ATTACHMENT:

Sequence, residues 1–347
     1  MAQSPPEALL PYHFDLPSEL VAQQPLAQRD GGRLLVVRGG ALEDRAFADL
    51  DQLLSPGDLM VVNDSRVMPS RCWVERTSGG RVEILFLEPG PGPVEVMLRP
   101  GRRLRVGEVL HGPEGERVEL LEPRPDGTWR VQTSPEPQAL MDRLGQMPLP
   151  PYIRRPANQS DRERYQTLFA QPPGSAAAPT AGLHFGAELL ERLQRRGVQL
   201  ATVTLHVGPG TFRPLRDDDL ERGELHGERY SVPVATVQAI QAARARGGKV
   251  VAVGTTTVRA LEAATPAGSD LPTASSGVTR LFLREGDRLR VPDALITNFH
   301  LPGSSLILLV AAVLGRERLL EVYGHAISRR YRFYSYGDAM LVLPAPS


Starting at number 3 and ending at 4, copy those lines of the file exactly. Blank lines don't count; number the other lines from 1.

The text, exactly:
    51  DQLLSPGDLM VVNDSRVMPS RCWVERTSGG RVEILFLEPG PGPVEVMLRP
   101  GRRLRVGEVL HGPEGERVEL LEPRPDGTWR VQTSPEPQAL MDRLGQMPLP